Post 9/11 Immigration Policies
Elizabeth OuYang
Call Number: 18284
Since September 11, 2001, there has been an avalanche of immigration enforcement policies and initiatives proposed or implemented under the guise of national security. This course will analyze the domino effect of the Patriot Act, the Absconder Initiative, Special Registration, the Real I.D. Act, border security including the building of the 700 mile fence along the U.S./Mexico border, Secured Communities Act-that requires the cooperation of state and local authorities in immigration enforcement, the challenge to birthright citizenship, and now the congressional hearings on Islamic radicalization. Have these policies been effective in combating the war on terrorism and promoting national security? Who stands to benefit from these enforcement strategies? Do immigrant communities feel safer in the U.S.? How have states joined the federal bandwagon of immigration enforcement or created solutions to an inflexible, broken immigration system?
Central Questions in Islamic Law
Wael Hallaq
Call Number: 18523
Through detailed discussions of certain landmarks in Islamic legal history (e.g., origins; early formation; sources of law; intellectual make-up; the workings of court; legal change; women in the law; legal effects of colonialism; modernity and legal reform, etc.), the course aims at providing an introductory but integrated view of Islamic law, a definition, so to speak, of what it was/is.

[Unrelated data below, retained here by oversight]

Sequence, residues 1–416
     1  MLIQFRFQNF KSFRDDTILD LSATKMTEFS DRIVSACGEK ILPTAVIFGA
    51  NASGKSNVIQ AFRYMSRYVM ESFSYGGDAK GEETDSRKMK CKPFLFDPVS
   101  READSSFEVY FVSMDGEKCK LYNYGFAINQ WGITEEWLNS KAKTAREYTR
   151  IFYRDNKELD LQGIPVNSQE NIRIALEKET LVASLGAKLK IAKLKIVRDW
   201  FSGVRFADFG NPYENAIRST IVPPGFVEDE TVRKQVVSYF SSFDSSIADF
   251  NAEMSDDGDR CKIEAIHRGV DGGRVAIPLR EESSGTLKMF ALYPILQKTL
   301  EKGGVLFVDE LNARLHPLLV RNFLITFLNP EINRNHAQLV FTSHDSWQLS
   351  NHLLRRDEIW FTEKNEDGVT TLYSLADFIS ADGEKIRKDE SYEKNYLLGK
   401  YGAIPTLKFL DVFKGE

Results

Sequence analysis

Intro to Islamic Civilization
George Saliba
Call Number: 71784
Islamic civilization and its characteristic political, social, and religious institutions and intellectual traditions from its pre-Islamic Arabian setting to the present. Lecture and recitation. Islamic civilization and its characteristic political, social, and religious institutions and intellectual traditions.
Science Across Cultures
George Saliba
Call Number: 68809
Prerequisites: Enrollment limited. Open to seniors and some qualified juniors. Priority given to seniors. Development of scientific thought from various cultures and from antiquity till the time of the European Renaissance. Provides examples of the process by which scientific thinking has developed and illustrates that although science may not have always developed in a linear fashion, the problems science was called upon to solve exhibited a continuity that crossed cultural, linguistic, and religious borders.
Contemporary Islamic Civilization
George Saliba
Call Number: 25407